In 1230/1815, Šāh Ḵalil-Allāh moved to Yazd, probably in order to be closer to the pilgrimage route of his Nezāri Khoja followers, who had continued to make the perilous journey to see their imam, and often had their possessions plundered by brigands along the way. It was at Yazd that two years later, in 1232/1817, the Nezāri imam became a victim of the intrigues of a Twelver Shiʿite cleric and lost his life in the course of a dispute between some of his followers and the local shopkeepers (Hedāyat, IX, pp. 551-53; Lesān-al-Molk Sepehr, I, pp. 293-94; Eʿtemād-al-Salṭana, III, p. 1537; Nāʾini, pp. 558-66; Algar, pp. 55-56). The Ismaʿili followers of Šāh Ḵalil-Allāh had evidently resorted to violence in settling their differences with the shopkeepers in the bazaar; and, subsequently, they took refuge in Šāh Ḵalil-Allāh’s house and refused to emerge. A certain Mollā Moḥammad-Ḥosayn Yazdi, who resented the spreading influence locally of the Nezāri Ismaʿili imam, collected a mob and attacked the imam’s house. In the ensuing melee, Šāh Ḵalil-Allāh and several of his followers, including a Khoja, were murdered, and the imam’s house was pillaged. Fatḥ-ʿAli Shah Qājār, who had good relations with the Nezāri imam, ordered his governor in Yazd, Ḥāji Moḥammad-Zamān Khan, to send Mollā Moḥammad-Ḥosayn and his accomplices to Tehran for punishment. However, on the intercession of Moḥammad-Ḥosayn Khan Neẓām-al-Dawla, the father of the governor, Mollā Moḥammad-Ḥosayn was merely bastinadoed and his beard was plucked, but no one was executed for the imam’s murder (Nāʾini, pp. 558-66; Algar, pp. 55-56; Daftary, p. 463).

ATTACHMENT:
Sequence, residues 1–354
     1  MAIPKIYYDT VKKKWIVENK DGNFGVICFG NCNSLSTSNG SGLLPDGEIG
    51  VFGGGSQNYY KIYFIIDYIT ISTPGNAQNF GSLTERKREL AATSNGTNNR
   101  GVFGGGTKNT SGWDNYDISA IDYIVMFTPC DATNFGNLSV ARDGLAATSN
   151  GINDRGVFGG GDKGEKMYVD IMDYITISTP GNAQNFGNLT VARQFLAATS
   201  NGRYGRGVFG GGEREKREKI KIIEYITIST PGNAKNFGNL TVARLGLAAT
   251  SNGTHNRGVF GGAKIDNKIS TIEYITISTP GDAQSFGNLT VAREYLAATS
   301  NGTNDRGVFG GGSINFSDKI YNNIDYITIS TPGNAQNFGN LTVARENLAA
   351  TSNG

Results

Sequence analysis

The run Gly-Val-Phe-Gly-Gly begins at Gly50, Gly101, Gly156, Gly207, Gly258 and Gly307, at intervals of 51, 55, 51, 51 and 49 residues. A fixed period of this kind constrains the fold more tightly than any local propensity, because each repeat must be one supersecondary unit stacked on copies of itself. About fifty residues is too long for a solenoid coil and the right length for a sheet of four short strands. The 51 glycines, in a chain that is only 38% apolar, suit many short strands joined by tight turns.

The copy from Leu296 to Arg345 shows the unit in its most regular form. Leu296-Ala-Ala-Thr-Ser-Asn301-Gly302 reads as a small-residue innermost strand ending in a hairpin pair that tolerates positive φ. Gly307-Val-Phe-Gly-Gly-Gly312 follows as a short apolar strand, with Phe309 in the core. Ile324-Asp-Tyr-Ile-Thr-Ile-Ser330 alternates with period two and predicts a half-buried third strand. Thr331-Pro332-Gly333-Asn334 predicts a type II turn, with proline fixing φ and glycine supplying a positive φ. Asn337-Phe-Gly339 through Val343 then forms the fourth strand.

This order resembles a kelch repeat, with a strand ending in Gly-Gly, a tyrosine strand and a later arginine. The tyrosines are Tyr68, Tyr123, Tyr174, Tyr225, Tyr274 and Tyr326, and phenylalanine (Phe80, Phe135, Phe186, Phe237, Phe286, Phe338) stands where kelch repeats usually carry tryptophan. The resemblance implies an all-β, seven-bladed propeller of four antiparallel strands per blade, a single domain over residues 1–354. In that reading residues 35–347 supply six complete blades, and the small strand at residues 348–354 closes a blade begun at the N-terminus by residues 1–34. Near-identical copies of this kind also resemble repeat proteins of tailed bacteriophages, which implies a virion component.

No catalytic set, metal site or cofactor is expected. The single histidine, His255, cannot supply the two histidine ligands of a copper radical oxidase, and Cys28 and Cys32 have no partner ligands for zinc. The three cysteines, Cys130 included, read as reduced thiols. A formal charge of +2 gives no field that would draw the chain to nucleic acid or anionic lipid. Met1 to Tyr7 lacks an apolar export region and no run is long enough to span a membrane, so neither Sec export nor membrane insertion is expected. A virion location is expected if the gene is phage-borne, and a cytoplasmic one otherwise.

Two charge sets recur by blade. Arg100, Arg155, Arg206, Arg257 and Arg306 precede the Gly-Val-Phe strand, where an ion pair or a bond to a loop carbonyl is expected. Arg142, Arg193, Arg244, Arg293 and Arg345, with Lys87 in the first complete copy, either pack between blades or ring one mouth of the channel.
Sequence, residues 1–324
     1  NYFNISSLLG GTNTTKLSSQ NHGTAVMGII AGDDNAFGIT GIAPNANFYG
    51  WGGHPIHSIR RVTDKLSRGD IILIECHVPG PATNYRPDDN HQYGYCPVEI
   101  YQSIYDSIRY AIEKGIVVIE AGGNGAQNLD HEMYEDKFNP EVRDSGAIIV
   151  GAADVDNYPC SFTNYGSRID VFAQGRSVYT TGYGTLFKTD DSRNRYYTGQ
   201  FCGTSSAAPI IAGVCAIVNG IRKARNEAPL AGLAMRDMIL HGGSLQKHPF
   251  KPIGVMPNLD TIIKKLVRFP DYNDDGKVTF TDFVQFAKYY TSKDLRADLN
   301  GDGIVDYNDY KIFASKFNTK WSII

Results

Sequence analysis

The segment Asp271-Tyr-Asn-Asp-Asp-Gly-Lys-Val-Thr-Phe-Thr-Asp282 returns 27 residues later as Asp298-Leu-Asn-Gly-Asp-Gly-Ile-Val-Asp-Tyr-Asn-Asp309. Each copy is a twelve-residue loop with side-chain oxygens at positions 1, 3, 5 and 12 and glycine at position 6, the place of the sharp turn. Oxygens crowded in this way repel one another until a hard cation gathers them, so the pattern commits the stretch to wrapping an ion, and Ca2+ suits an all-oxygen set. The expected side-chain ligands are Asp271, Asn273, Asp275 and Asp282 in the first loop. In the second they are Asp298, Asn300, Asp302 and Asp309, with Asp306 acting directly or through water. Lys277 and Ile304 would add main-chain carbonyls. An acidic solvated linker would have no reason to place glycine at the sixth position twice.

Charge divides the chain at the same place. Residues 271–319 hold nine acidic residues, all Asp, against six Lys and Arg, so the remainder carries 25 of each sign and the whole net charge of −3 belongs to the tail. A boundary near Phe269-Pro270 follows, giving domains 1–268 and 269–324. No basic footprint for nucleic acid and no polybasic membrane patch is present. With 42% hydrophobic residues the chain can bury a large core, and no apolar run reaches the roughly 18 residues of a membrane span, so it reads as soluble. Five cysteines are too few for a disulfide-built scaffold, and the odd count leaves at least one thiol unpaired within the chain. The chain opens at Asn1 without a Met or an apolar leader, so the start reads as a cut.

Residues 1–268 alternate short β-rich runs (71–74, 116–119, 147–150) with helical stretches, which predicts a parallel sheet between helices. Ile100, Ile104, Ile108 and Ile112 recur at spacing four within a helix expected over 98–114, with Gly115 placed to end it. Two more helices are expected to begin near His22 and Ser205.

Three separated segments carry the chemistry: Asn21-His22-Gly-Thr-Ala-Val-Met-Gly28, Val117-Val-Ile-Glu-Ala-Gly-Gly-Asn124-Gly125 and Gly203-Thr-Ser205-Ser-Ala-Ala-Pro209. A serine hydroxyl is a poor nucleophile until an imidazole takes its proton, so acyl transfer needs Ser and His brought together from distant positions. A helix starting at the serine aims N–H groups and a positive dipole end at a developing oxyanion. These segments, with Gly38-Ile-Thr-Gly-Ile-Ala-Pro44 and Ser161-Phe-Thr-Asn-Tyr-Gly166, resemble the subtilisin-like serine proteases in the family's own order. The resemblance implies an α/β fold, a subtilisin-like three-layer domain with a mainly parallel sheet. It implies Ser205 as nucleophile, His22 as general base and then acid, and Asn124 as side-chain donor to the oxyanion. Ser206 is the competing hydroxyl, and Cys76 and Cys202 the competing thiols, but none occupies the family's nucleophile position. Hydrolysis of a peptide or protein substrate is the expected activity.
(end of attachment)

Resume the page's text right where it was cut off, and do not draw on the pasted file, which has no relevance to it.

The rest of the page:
Šāh Ḵalil-Allāh, the last of the Qāsemšāhi Nezāri Ismaʿili imams to spend his entire imamate, some twenty-five years, in Persia, was taken for burial to Najaf in Iraq, where a mausoleum was constructed for him and some of his descendants. Šāh Ḵalil-Allāh had three sons, Moḥammad-Ḥasan, known also as Ḥasan-ʿAlišāh, Sardār Abu’l-Ḥasan Khan, and Moḥammad-Bāqer Khan. He was succeeded in the imamate by his eldest son Ḥasan-ʿAlišāh, who received the title of Āqā Khan from Fatḥ-ʿAli Shah Qājār (for him, see Daftary, pp. 463 ff.).